After languishing for years in legislative purgatory, the Class Action Fairness Act was swiftly signed into law by President Bush in February. Supporters say the bill is a victory for businesses and consumers as it will end frivolous lawsuits that pad attorneys' bank accounts without securing any real justice for the injured parties.
A key aspect of the new law requires class action cases to be moved from state to federal court if claims involve more than $5 million and if fewer than a third of the plaintiffs live in the defendant's state. This is significant, says attorney Mark Seiger of Edwards & Angell, LLP, because federal courts "are perceived to be more neutral and less willing to certify a class action brought on questionable grounds."
Opponents argue that consumers will still be disadvantaged because federal courts are too busy to take on class action suits from all 50 states, deterring the filing of worthy claims.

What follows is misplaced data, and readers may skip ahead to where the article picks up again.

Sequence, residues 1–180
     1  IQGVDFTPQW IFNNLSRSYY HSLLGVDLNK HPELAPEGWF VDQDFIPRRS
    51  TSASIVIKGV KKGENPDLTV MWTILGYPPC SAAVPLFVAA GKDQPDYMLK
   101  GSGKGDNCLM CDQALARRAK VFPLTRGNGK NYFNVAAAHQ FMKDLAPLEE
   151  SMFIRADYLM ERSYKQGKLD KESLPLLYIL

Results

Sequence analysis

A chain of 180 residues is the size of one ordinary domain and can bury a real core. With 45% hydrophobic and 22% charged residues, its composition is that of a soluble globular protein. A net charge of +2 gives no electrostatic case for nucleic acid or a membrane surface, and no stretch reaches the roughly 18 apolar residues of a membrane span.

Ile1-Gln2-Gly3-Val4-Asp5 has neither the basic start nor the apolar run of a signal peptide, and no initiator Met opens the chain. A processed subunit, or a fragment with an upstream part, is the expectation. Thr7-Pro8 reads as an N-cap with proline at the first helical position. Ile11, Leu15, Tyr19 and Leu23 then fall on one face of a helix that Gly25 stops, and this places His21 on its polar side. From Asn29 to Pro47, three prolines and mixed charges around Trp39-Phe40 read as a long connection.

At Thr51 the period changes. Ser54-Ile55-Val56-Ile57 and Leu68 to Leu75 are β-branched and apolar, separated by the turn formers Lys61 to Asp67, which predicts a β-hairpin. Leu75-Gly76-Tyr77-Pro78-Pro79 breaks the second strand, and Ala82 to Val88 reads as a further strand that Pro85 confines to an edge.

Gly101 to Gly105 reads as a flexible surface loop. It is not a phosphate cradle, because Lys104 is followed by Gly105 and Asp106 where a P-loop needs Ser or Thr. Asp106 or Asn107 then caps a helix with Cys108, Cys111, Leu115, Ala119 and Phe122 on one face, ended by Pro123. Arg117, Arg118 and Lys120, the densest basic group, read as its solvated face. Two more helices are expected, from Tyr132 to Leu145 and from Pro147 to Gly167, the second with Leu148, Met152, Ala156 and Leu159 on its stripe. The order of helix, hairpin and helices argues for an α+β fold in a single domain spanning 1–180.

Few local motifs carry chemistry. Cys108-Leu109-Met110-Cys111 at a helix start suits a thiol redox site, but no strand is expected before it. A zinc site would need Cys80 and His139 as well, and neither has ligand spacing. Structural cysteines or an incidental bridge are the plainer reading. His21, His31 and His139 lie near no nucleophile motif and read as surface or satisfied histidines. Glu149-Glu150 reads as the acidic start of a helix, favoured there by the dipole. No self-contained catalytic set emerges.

Seiger said the new law is likely to dissuade plaintiffs' attorneys from filing suits indiscriminately, which is where the real impact of the law comes into play. The Act includes a consumers' bill of rights, to address the scenario where plaintiffs receive a pittance while attorneys claim 90 percent or more of the total settlement. Under the new law, lawyers' fees for coupon settlements must be based either on the value of the coupons actually redeemed or the hours actually billed in prosecuting the class action.
"This provision alone will force class counsel to properly evaluate cases before filing them and, as such, should result in a significant reduction in the number of such cases," says Seiger. "(That) will translate into significant savings for the insurance companies whose insurance policies are called to defend these claims."
April 1, 2005
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